SCO/RCS Winds: Side by Side

Royal Conservatoire of Scotland, Glasgow

Close your eyes, and the reality that half the musicians in Friday’s RCS lunchtime concert were students and half were seasoned professionals from the Scottish Chamber Orchestra Wind Soloists would have passed you by. This was part of the SCO’s Side-by Side initiative with Royal Conservatoire of Scotland students, which has been on the go since 2016 and gives those young pros-in-the-making a first-hand feel for life in the musical fast lane.

Just as there was no compromise on standards, the programme itself smacked of challenge and curiosity. It opened with the wacky world of Darius Milhaud, the fifth of his six pocket-size Chamber Symphonies. To call it short and sweet is but a half truth. Yes, it says all it needs to in about six minutes, but hardly anything it says is sweet. The ensemble acknowledged that in a taut and acerbic performance, encompassing all that is sinister, snappy and sardonic about the composer’s hard-edged style.

Ruth Gipps’ Seascapes effected an immediate sea change. Born in Bexhill-on-Sea in 1921, it’s safe to assume she knew her subject well. The opening, with its liquid imagery however, suggested she’d dashed across the English Channel to consult Debussy. Yet within seconds, a flowering of individual thought emerged, rich in imagery and the resourceful use of instrumental texture. It allowed individuals to shine – the velvety cor anglais for instance, and a myriad of colourful pairings – and gave credence to the programme note’s claim that Gipps deserves to be better known that she is.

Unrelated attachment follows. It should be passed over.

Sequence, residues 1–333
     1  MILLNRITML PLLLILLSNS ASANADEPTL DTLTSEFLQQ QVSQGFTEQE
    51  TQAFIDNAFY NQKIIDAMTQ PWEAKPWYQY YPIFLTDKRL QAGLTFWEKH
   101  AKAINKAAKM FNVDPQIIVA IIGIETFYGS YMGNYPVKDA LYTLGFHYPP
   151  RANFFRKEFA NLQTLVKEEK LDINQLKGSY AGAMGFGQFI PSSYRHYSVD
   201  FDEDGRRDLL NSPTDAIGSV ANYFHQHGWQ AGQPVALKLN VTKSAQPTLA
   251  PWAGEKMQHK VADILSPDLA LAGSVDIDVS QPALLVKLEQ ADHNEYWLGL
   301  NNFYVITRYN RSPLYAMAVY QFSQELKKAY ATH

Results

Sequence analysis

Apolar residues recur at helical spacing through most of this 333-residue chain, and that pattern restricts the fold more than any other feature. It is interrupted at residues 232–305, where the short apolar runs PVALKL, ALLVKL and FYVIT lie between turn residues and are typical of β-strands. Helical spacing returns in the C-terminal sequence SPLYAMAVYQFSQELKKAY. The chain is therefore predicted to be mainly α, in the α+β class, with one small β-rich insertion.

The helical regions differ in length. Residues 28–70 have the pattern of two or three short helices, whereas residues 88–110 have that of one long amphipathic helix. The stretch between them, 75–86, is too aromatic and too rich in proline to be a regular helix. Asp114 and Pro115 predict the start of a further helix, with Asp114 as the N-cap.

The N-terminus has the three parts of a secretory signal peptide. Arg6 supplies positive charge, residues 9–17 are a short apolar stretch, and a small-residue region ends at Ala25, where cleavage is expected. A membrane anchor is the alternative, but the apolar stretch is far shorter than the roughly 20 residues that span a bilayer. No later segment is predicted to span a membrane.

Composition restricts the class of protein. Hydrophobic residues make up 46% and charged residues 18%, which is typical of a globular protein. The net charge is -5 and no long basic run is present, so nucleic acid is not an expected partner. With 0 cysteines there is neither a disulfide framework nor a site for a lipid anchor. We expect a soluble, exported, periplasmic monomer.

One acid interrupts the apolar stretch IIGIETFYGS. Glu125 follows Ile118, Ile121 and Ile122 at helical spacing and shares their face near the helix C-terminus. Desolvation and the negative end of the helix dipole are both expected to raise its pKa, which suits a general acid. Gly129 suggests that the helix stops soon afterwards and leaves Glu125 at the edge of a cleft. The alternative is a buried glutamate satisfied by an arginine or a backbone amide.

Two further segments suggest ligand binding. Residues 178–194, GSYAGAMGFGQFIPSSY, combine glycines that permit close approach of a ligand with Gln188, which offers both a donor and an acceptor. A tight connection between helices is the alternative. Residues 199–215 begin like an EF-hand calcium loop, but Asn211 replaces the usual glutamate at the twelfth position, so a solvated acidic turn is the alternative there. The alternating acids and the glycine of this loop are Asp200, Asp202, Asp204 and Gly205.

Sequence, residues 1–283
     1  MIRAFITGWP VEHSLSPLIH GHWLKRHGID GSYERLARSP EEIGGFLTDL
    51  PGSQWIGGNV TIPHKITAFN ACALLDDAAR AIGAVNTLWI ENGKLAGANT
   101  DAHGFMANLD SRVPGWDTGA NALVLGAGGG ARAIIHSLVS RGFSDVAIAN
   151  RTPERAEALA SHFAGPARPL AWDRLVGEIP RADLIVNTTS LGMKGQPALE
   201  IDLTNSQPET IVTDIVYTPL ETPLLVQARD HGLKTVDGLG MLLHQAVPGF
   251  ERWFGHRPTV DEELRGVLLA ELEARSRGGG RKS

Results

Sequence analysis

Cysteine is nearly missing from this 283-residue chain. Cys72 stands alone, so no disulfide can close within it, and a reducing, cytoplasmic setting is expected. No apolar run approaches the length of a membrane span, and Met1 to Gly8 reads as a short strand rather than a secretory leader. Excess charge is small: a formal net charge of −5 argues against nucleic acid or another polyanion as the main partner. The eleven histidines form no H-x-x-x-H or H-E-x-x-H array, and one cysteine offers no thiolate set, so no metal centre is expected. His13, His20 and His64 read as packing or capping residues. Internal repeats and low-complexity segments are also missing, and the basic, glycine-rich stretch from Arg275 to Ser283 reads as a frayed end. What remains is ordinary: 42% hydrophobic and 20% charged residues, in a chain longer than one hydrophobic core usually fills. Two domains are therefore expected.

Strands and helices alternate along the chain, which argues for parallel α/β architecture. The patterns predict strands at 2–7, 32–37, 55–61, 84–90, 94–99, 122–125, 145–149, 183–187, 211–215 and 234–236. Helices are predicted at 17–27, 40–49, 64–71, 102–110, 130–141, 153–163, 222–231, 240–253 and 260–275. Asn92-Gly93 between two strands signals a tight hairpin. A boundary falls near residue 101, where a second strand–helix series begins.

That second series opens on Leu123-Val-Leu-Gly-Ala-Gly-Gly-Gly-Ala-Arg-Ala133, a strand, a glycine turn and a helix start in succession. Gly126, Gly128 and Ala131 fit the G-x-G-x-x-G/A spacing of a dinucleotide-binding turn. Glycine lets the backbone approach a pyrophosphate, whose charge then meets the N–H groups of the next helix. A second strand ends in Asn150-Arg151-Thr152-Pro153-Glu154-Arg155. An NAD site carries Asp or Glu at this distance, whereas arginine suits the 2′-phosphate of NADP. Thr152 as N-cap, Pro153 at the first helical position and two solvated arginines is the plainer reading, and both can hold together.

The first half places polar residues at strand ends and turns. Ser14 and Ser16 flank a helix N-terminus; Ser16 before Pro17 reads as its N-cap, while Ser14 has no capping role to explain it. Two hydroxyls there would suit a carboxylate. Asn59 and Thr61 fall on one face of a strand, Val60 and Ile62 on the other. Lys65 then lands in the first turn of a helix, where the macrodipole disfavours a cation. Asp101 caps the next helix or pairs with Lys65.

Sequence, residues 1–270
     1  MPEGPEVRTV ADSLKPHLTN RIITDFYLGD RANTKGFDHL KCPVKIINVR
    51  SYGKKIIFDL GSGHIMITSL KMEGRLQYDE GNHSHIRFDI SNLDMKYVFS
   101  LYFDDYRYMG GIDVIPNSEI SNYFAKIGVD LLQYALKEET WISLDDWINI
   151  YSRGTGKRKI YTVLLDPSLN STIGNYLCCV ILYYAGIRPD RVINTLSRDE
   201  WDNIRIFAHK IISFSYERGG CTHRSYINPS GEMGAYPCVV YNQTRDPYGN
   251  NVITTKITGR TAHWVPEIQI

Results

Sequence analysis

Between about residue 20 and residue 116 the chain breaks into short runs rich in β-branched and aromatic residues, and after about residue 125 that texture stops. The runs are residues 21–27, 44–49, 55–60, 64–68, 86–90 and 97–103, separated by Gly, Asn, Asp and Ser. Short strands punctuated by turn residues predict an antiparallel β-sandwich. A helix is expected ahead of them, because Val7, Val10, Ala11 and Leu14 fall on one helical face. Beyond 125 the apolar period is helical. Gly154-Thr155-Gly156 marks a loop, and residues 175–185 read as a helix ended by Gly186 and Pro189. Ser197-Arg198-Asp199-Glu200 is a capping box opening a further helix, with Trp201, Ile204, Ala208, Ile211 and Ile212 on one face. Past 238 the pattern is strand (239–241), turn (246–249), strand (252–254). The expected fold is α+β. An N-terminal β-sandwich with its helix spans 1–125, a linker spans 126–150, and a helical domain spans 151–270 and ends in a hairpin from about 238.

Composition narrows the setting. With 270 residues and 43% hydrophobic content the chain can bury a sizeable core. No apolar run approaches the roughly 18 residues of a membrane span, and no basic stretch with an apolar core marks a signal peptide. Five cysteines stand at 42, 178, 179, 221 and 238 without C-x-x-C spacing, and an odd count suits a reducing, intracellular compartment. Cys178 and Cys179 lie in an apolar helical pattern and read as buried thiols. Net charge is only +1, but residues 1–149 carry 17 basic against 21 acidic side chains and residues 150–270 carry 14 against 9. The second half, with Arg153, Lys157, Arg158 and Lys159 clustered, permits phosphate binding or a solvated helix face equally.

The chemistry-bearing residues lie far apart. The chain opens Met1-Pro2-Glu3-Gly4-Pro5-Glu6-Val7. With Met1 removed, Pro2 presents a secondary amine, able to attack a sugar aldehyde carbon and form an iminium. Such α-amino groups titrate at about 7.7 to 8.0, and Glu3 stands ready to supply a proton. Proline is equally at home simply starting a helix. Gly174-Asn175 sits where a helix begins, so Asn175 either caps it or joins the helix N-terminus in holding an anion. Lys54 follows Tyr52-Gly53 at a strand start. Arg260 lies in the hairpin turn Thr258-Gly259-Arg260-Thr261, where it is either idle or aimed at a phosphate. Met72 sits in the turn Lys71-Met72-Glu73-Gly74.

Then back to France for the neo-classical effervescence of Jean Françaix’s Nine Character Pieces. They were performed as a continuous sequence, which in itself highlighted the distinguishing charm of each of the succinct movements – a plaintive Amoroso, a rhythmically unnerving Subito vivo, and much more en route to a cat-and-mouse Finale that raced exuberantly to its quasi-operatic conclusion.

The programme ended with Dvorak’s popular Serenade Op 44, in which the winds were infiltrated by an SCO string supplement of cello (Donald Gillan) and double bass (Nikita Naumov). Not everything was smooth sailing – the slow movement took time to find its natural composure – but as the most abundantly-scored of Friday’s works there was gravity in the delivery to match the substantiveness of the score. Not that this cheery Serenade eschews Dvorak’s signature folkish verve, which this energised composite ensemble addressed with no end of spirited enjoyment. 

Ken Walton

This programme is repeated at the Queen’s Hall, Edinburgh on Sun 19 Nov. Full information at